THEN: In 1987, Mike Miller was director and area manager for ITT-USTS (United States Transmission Systems Inc., which sold private lines over an analog microwave network running from New York City to Houston through the Atlantic and Southern states and had 1,200 employees and revenue in the excess of $300 million). In 1987, ITT-USTS was budgeting for converting its microwave route to digital while the race to build nationwide fiber optics networks was just beginning.
Although most of the people that work for me today swear that I am older than baseball, my memories of those years are still very fresh, says Miller. ITT was three years into divestiture, approved by in 1984, and was still struggling to install a 9.6 baud circuits (standard business line back then) through the seven Bell operating companies – Pac West, Ameritech, New York Bell, New England Tel, Bell Atlantic, BellSouth, South Western Bell. When we started installing in 90 days we were thrilled.
He recalls that the use of T1s (1.5mbps) was growing, but most people thought companies would never use that much bandwidth in 20 years.
What I remember most though are the people — the enthusiastic, creative, risk takers that turned our industry from an analog voice call business to the technologies innovative business we have become, he says. Without these people, it would not been as much fun.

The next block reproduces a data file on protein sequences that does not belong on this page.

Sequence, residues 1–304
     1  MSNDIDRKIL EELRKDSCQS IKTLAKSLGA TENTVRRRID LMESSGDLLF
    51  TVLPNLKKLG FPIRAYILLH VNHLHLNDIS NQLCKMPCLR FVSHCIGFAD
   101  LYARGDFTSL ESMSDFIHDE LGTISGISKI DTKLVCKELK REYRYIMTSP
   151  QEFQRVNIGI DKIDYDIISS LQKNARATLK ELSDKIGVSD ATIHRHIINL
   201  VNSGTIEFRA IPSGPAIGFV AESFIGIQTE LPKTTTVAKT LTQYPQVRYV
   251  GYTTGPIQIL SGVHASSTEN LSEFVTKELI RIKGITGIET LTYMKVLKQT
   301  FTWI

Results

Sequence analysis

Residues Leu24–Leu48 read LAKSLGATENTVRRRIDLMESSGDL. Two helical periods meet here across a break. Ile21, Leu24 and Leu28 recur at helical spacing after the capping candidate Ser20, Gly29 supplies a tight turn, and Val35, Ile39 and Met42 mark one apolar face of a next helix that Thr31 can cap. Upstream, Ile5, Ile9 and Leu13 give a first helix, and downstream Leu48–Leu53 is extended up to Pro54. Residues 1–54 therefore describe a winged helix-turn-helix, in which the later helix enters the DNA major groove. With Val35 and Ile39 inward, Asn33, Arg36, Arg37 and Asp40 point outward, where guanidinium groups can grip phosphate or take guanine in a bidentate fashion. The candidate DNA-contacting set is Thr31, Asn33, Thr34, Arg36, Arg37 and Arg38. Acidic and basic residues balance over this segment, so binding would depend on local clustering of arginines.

NOW: Miller is CEO and president of Fiberlight LLC, a fiber-optic network provider offering metro Ethernet, CO transport, PoP-to-PoP transport, OCn and fiber leases in eighttier one markets.
Weve come a long way from 1987, which was my ninth year in telecom, says Miller. T1s are being replaced overnight by Ethernet services averaging 10 megabits or 10 times the capacity of 1987.
Fiber-base services combining voice, data and video will continue to explode, he adds, noting wireless technologies like WiMAX will allow for greater expansion of these services both in the metro and rural areas. My vision is that FiberLight will be able to consolidate this traffic from metro hubs and transport this to switches, nodes or data centers of choice which will create a better access and delivery network for the future, he says.
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